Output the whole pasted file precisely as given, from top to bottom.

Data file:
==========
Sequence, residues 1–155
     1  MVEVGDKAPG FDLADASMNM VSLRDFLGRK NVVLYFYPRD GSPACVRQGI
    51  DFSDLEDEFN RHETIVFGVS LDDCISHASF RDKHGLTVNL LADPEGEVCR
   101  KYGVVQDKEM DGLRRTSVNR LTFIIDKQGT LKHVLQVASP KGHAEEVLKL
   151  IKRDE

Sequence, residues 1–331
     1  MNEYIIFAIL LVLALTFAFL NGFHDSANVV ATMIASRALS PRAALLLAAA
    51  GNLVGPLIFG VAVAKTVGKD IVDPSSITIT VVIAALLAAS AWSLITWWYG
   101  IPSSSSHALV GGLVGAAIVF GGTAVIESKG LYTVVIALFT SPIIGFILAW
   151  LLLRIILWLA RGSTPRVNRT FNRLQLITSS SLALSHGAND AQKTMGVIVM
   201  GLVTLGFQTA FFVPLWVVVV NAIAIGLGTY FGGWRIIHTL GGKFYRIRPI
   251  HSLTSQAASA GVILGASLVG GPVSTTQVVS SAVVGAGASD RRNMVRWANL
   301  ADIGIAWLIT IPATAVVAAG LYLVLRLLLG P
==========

Sequence, residues 1–155
     1  MVEVGDKAPG FDLADASMNM VSLRDFLGRK NVVLYFYPRD GSPACVRQGI
    51  DFSDLEDEFN RHETIVFGVS LDDCISHASF RDKHGLTVNL LADPEGEVCR
   101  KYGVVQDKEM DGLRRTSVNR LTFIIDKQGT LKHVLQVASP KGHAEEVLKL
   151  IKRDE

Sequence, residues 1–331
     1  MNEYIIFAIL LVLALTFAFL NGFHDSANVV ATMIASRALS PRAALLLAAA
    51  GNLVGPLIFG VAVAKTVGKD IVDPSSITIT VVIAALLAAS AWSLITWWYG
   101  IPSSSSHALV GGLVGAAIVF GGTAVIESKG LYTVVIALFT SPIIGFILAW
   151  LLLRIILWLA RGSTPRVNRT FNRLQLITSS SLALSHGAND AQKTMGVIVM
   201  GLVTLGFQTA FFVPLWVVVV NAIAIGLGTY FGGWRIIHTL GGKFYRIRPI
   251  HSLTSQAASA GVILGASLVG GPVSTTQVVS SAVVGAGASD RRNMVRWANL
   301  ADIGIAWLIT IPATAVVAAG LYLVLRLLLG P